Herbalist to beat Fasting Record (49 Days)
Shanghai Star. 2004-03-25THE attempt by 50-year-old herbalist Chen Jianmin to beat the record for fasting set last year by US magician David Blaine is off to a good start.
Chen plans to fast for 49 days – five days more than Blaine – and he is near the end of his first week without food.
Blaine set his record while suspended above London’s River Thames in a glass box. Chen, who started his fast around 3:00pm on March 20, is locked inside a small glass cabin built halfway up Bifeng Valley, a mountain resort in Ya’an City of Southwest China’s Sichuan Province.
Seated inside a 15-square-metre glass room, his entire fast will be closely monitored by 50 witnesses, including some from Ya’an City Notary Office and a special medical team sent by the City People’s Hospital and Huaxi Medical University.
During his planned 49-day fast, Chen will not leave the room or have food – he can only drink water.
Chen, from Luzhou City in Sichuan, said his fast would “attest to the regimen of traditional Chinese medical science”.
And prior to going into foodless seclusion, he underwent a thorough physical check-up while supervisors searched every corner of the glass cabin to ensure that no food was hidden there.
Chen is keeping a detailed record of his daily life, work, volume of water consumed, excretions and feelings of hunger, so as to provide first-hand data for future medical research. Chen also asked for medical equipment to be placed in his glass box to better monitor his condition.
In the first week, Chen got up as usual at 6:00am and at noon took a one-hour nap. Without visits from the clients of his herbalist business, Chen said he would rather look on the fast as a vacation. On the first day, he practised Chinese Kungfu for the audience outside his glass cabin.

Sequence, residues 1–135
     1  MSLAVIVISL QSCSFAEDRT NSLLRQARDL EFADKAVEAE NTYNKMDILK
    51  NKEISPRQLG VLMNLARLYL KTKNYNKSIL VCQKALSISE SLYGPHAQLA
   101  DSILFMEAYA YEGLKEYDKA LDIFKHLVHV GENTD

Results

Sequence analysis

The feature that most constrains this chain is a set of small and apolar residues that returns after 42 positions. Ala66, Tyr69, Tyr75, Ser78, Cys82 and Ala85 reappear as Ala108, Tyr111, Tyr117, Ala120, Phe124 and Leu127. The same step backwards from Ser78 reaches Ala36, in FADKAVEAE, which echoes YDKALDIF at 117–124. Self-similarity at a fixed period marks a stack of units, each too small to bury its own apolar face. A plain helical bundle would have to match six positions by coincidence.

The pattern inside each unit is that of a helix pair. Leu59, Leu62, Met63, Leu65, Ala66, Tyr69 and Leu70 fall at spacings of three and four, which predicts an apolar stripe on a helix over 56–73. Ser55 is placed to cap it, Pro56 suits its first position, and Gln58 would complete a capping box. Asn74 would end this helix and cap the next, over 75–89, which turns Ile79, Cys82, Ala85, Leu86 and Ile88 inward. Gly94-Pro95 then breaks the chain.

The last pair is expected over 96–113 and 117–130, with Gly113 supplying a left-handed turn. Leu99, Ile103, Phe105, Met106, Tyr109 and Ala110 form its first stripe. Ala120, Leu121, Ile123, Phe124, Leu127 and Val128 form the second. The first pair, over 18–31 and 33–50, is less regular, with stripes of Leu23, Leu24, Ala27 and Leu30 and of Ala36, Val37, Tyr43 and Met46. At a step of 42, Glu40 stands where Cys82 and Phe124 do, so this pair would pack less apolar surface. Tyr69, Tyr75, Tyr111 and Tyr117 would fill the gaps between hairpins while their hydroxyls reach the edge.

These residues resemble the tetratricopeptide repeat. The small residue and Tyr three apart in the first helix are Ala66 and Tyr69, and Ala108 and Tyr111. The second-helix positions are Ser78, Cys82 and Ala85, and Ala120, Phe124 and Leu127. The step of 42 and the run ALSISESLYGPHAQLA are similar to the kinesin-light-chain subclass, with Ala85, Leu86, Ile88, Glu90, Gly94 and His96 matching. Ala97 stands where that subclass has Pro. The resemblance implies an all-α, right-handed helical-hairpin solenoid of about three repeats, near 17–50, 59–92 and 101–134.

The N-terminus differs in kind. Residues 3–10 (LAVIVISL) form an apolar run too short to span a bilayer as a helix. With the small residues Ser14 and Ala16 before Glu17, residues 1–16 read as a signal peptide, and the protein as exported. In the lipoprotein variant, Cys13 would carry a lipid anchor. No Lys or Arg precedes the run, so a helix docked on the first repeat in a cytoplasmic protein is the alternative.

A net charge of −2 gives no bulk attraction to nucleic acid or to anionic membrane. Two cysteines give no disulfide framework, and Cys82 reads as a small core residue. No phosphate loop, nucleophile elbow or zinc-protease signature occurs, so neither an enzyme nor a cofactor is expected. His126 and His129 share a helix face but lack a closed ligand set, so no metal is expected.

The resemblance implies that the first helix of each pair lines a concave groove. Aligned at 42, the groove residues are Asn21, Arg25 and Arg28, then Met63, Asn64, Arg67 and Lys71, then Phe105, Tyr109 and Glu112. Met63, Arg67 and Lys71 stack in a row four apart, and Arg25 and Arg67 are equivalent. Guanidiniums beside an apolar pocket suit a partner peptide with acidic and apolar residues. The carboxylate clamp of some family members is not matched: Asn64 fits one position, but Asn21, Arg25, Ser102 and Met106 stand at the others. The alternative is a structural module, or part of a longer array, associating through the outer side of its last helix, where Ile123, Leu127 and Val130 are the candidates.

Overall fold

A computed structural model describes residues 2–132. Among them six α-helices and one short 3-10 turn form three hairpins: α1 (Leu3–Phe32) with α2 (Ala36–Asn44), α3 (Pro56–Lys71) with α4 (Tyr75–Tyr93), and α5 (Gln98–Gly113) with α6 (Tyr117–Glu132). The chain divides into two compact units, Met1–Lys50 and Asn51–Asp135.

Chen said he believed in the “magic of fasting” after studying ancient Chinese medical scriptures, which said that people could achieve longevity and maintain health through jingzuo (sitting quietly) and pigu (not eating grapes).
Chen claims that he once went 81 days without food while still working regularly. Many of his colleagues knew of this feat and said the current planned 49-day fast would be a minor matter for Chen.
Before entering the glass cabin, Chen also said that instead of having to be carried out by medical workers and rushed to hospital – as was the case with Blaine when his fast ended – he would walk out of the cabin.
Chen’s “stunt” has drawn hordes of people, both local and from far away, to Bifengxia Valley. Initially, some had doubts that the water he was drinking may have been fortified with nutrients as the pipes carrying the water are not transparent.
To ensure that the water is just plain water, from the second day of his fast, it was checked by the notary office, the media and supervisors.
Chen’s attempt on the fasting record has divided medical experts. Many hold that people can only survive one or two weeks without taking food and that 49 days will be a great threat to his health and will prove to be impossible. Others have said that as different people have different physical abilities, the planned fast may be successful.
Now the Challengers of the Fasting Record
ST. PETERSBURG, Russia, Oct. 16, 2006 (AP) A Russian man on Monday claimed to have set a new world record _ for fasting. A bearded and hollow-cheeked Agasi Vartanyan finished what he said was his 50th day without food, climbing out of plastic cube on the banks of the Neva River outside of St. Petersburg _ and promptly berating reporters.
“I feel offended because my efforts did not attract much attention,” the 46-year-old said. “Only local media wrote about it.”
He then hopped into a waiting car and drove away by himself.
Doctors who examined Vartanyan said he lost 51 pounds during the ordeal, dropping to 158 pounds.
A spokeswoman, Lybov Kobzar, told reporters that Vartanyan drank about 0.8 gallons of water a day. To pass the time, he watched TV, listened to the radio, and talked on his cell phone. As the weather in the northern Russian city turned colder, he got an electric heater.
Beginning his attempt on Aug. 27, Vartanyan said he was inspired by a similar effort by stuntman and illusionist David Blaine, who fasted for 44 days in 2003 while suspended acrylic box over the Thames River in London.
Vartanyan said he planned on submitting documentation of his efforts to the Guinness Book of World Records.